In the vast world of transportation, the type of fuel used can significantly impact performance, cost, and environmental footprint. One question that often arises is the difference between the diesel used in trains and trucks. This article will explore this topic in depth, shed light on the various types of diesel, and introduce you to the unparalleled services of Fuel Core. Let's embark on this enlightening journey!

1. Types of Diesel:

On-Road Diesel: Primarily used for vehicles on public roads. It meets strict environmental regulations and contains a lower sulfur content.

Off-Road Diesel: Used for non-road vehicles and equipment. It has a higher sulfur content and is dyed red to distinguish it from its on-road counterpart.

2. Train vs. Truck Diesel:

Trains use diesel closer to off-road diesel, while trucks predominantly use on-road diesel due to different emission standards.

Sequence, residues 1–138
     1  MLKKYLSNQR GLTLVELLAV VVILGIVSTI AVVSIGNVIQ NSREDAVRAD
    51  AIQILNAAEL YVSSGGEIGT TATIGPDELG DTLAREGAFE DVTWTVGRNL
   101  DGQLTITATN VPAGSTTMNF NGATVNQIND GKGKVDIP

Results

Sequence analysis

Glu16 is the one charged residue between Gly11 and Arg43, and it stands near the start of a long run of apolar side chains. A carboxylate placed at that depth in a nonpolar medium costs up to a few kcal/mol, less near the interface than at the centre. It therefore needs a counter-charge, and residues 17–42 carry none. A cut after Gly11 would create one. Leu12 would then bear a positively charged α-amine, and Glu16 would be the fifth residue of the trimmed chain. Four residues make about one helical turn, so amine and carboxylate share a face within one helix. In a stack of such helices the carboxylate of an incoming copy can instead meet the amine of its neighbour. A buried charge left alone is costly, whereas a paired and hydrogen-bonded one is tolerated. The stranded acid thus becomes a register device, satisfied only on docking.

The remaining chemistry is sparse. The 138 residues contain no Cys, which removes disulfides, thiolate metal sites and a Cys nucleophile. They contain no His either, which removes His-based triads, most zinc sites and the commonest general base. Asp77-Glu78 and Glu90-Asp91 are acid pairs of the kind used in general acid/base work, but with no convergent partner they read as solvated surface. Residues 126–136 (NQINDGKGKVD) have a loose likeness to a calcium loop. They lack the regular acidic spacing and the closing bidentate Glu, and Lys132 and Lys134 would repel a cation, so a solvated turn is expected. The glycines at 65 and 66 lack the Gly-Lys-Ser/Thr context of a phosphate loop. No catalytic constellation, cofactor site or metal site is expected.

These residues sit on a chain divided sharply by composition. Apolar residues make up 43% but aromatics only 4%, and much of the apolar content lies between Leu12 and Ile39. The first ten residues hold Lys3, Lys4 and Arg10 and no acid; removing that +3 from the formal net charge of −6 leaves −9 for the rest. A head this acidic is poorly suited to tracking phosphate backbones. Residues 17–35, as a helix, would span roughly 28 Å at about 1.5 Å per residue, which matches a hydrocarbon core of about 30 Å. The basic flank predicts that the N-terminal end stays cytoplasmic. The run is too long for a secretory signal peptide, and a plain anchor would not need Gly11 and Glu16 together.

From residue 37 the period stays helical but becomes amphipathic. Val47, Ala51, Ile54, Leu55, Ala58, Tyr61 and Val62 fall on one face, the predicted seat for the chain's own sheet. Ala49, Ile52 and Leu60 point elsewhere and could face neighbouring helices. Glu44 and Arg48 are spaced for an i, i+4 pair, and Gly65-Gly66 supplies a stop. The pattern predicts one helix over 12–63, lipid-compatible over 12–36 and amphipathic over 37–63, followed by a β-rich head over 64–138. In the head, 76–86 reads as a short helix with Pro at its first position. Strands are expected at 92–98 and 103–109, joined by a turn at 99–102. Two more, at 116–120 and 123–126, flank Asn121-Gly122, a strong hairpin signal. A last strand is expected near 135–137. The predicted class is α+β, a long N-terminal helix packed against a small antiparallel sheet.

3. The Environmental Impact:

As global awareness about environmental issues grows, the type of diesel used becomes crucial. On-road diesel, with its lower sulfur content, emits fewer pollutants, making it a more environmentally friendly option. Rail companies, recognizing the environmental implications, are gradually shifting towards cleaner fuel alternatives.

4. Economic Implications:

The choice between on-road and off-road diesel also has economic ramifications. On-road diesel is taxed higher due to its use on public roads. Conversely, off-road diesel, used primarily in agriculture and construction, enjoys tax benefits, making it a cost-effective option for industries.

Fuel Core can Handle Trucks or Trains!

Fuel Core ensures businesses receive the right type of diesel when needed. From bulk fuel management to organized fleet fueling, Fuel Core's services are designed to cater to diverse needs.

Understanding the nuances of diesel types is essential for businesses to make informed decisions. Whether you're in transportation, agriculture, or construction, choosing the right fuel type can have significant implications for your operations. With Fuel Core, you're not just getting a fuel delivery service; you're partnering with a team that understands your needs and is committed to delivering excellence. Ready to elevate your fuel management? Call us today and experience the Fuel Core difference!